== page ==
Impractical Uses of Cake
We all know that old axiom about how everyone says they’ve always wanted “to be a writer”. The only difference between people who spout that tired line and actual writers is that writers write. Which is what Jo-Ann Yeoh did. Her manuscript, Impractical Uses of Cake, won the Epigram Books Fiction Prize (2018) – and it was the competition’s submission deadline that was the catalyst she needed to propel her childhood dream to take ﬂight.
“It was one of those things I never quite made time for. I’d always dreamt of being a novelist as a child, but what I didn’t know was how life gets in the way. And the thing is, we actually have a very ﬁnite amount of time,” the 37-year-old client operations director says.
The manuscript tells the tale of Sukhin, a lonely 35-year-old teacher who reads, works and visits his parents’ house, and has only one friend. But one day in Chinatown (you’ll love her description of the place), Sukhin meets someone from his past who’s living a life so drastically different from his, it turns his own life upside down and forces him to question his choices as they bond over cake. “It’s a book about all the things we don’t ask ourselves. It questions all these expectations we have for ourselves because of societal norms,” Jo-Ann says.
But starting the writing process wasn’t effortless. Jo-Ann cites Netﬂix as the “bane of her existence”. We understand – we’ve all succumbed to its bingeability. All she needed to start on her ﬁrst draft was discipline and time, which she found when she had to take time off work to attend to family matters. Whenever there were pockets of time, even at odd hours, she worked on her book: “I gave myself a target of writing 1,000 words every day. As long as I write something, even if it’s not great, I can work on it the next morning. When you know where your focus is, you can write quality stuff .”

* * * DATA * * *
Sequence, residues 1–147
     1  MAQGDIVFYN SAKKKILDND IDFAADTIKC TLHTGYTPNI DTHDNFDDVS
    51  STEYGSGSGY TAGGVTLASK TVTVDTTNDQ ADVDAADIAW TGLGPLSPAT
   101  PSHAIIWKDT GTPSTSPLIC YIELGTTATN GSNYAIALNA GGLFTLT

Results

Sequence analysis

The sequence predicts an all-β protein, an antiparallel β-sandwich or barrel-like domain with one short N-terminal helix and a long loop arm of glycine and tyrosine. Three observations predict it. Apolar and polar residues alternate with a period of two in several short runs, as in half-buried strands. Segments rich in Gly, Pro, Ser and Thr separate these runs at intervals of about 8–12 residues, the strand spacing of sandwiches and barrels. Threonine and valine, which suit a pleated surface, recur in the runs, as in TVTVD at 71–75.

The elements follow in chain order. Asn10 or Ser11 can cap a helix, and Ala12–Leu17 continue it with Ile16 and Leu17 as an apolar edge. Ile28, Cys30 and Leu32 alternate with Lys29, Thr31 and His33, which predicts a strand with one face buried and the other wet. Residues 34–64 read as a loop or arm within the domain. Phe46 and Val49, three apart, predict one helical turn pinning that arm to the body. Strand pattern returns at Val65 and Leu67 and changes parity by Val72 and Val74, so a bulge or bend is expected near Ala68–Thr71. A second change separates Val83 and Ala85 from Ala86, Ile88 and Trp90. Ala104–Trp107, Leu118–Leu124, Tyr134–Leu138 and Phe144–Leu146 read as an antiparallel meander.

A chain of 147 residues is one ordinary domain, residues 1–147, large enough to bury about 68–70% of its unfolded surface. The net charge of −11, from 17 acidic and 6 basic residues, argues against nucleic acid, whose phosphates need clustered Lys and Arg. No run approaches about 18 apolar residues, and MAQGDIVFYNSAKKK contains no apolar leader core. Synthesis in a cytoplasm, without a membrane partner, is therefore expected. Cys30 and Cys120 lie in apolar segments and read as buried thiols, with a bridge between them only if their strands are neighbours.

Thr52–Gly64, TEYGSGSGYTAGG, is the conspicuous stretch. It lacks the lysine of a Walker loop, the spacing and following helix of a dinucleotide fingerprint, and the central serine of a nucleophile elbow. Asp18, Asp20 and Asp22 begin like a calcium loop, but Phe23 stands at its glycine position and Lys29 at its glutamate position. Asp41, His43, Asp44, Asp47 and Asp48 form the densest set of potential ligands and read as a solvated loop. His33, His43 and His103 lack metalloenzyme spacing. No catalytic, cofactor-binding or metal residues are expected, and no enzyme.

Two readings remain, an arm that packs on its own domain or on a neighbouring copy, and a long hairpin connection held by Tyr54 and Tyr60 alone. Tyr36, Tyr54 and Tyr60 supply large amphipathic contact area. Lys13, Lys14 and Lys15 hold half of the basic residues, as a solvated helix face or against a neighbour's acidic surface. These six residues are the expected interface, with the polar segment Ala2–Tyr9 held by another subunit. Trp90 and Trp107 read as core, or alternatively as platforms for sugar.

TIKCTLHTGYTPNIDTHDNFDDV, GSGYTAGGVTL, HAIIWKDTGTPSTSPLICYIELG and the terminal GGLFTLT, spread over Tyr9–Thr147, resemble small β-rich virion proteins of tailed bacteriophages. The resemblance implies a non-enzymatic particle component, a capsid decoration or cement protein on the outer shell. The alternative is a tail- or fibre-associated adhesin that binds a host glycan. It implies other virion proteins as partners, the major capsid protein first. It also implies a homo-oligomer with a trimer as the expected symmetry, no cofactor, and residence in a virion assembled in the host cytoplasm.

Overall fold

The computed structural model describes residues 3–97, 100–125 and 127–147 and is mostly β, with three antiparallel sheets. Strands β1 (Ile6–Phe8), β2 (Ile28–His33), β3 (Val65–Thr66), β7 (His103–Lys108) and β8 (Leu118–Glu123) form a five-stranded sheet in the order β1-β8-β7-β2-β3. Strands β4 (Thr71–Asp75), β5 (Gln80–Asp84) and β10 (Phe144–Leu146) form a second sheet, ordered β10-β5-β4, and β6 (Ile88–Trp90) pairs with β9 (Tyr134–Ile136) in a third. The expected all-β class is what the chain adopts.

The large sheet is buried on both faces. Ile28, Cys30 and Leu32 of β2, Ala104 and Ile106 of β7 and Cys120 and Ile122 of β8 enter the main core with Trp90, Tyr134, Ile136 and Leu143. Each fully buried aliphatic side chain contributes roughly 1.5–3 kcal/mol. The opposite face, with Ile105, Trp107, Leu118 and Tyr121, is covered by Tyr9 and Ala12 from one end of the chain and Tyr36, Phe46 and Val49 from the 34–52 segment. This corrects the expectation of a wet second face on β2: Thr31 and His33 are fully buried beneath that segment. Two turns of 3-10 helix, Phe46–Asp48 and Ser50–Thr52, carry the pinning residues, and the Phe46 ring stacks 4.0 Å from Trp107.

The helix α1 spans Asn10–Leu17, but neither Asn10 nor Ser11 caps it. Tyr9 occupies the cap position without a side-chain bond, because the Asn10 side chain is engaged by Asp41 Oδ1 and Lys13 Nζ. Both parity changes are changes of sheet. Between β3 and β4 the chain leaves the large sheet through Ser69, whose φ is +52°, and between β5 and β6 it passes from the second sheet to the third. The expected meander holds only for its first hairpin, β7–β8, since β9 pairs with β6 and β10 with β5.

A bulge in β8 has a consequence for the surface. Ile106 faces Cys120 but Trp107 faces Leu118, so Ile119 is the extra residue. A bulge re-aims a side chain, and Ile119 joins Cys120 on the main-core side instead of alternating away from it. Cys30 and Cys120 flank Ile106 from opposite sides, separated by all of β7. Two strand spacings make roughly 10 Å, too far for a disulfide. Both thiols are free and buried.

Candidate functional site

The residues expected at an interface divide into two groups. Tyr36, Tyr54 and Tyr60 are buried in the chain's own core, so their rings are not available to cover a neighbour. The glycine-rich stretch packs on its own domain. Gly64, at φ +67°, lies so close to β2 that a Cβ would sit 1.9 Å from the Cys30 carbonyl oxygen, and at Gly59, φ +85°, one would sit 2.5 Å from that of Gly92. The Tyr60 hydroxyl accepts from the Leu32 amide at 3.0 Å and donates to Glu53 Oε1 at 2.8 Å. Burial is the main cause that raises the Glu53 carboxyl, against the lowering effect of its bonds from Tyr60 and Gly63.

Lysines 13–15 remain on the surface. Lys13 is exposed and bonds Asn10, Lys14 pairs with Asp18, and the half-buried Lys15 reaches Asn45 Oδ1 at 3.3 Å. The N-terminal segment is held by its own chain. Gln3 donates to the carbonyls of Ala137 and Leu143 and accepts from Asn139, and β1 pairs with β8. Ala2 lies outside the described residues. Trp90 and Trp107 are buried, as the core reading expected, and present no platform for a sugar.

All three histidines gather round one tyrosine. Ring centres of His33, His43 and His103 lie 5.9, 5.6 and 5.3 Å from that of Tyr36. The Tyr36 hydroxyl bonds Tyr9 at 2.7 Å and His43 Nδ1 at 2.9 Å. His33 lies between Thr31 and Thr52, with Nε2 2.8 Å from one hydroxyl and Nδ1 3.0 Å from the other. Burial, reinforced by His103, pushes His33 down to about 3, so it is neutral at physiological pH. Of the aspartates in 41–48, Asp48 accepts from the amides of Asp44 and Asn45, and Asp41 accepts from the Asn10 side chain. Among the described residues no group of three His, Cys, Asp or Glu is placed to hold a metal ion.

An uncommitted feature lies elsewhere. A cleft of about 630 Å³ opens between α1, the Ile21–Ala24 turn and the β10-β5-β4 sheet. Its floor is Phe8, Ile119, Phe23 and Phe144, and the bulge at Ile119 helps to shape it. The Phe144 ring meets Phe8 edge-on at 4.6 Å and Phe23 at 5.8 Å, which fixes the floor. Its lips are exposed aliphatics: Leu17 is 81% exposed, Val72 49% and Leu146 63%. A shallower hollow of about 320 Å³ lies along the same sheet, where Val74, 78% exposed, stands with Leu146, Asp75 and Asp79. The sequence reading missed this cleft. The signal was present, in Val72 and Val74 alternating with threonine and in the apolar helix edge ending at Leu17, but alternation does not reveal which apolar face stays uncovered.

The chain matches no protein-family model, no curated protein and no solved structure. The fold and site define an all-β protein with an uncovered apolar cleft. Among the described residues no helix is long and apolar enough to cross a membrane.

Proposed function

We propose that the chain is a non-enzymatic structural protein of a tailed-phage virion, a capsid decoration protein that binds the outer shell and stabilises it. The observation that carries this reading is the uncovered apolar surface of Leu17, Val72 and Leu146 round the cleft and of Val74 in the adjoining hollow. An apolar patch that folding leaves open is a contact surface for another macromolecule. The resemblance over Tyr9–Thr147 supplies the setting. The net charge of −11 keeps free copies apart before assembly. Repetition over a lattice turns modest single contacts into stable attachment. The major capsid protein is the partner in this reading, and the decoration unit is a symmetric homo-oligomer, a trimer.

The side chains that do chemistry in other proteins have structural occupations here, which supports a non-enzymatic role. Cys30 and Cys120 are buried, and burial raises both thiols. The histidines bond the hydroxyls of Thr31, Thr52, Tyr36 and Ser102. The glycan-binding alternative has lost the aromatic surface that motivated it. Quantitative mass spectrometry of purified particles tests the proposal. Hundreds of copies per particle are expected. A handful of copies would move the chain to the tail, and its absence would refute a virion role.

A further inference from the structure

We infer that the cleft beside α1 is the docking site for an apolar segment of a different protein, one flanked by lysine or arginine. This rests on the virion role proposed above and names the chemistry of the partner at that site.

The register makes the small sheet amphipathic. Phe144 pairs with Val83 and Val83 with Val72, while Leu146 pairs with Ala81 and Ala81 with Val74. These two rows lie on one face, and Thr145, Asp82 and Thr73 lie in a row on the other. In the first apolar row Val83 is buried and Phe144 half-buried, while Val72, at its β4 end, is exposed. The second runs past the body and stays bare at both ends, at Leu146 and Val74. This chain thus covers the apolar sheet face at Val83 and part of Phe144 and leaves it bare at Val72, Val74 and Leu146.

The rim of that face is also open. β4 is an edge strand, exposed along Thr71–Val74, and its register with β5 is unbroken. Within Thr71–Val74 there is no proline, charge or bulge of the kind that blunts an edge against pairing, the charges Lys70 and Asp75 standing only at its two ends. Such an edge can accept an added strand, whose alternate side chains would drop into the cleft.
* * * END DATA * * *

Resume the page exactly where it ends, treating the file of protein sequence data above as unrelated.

And Jo-Ann is her own greatest critic. As a former magazine editor, editing on the go was almost innate to her. But drawing the balance between obsessing over her work and enjoying the journey was important. She didn’t ﬁxate on the book’s ending because, to her, book characters are alive. “I didn’t know how to end it at the beginning, so I let my characters transform on their own.” And she shared her preliminary work only with one friend, whom she describes as her “personal cheerleader”.
“He would say things like ‘I can’t wait to see what happens to this character’ or ‘I’m very excited to know what happens in the next chapter’. Without him, I’m not sure if I would’ve ﬁnished my book in time,” she says.
But ﬁnished it is, and Jo-Ann got to have her cake and you get to eat it. Impractical Uses of Cake launches on May 11 at Kinokuniya.
"THE BOOK QUESTIONS ALL THESE EXPECTATIONS WE HAVE FOR OURSELVES BECAUSE OF SOCIETAL NORMS."
TEXT HAYLEY TAI PHOTOGRAPHY FRENCHESCAR LIM ART DIRECTION SHAN DIGITAL IMAGING SEBASTIAN LEE STYLING VIOLET FOO, ASSISTED BY PRAVEENA RAVIN HAIR & MAKEUP ZOEL TEE, USING HANZ DE FUKO & 3INA TOP LIE/SOCIETY A PANTS PEGGY HARTANTO/ SOCIETY A
Melissa De Silva
“Others” Is Not a Race
Melissa De Silva, who is of mixed ancestry (Portuguese, Indian, Malay, Chinese, and a smidgen of Dutch and Italian), struggled with identifying herself through her race during her formative years. Through the writing of her novel, “Others” Is Not a Race, she ﬁnally came to terms with her heritage. In the process, she also reclaimed some of her Eurasian culture. The novel was the winner of the creative nonﬁction category in the 2018 Singapore Literature Prize, organised by the Singapore Book Council.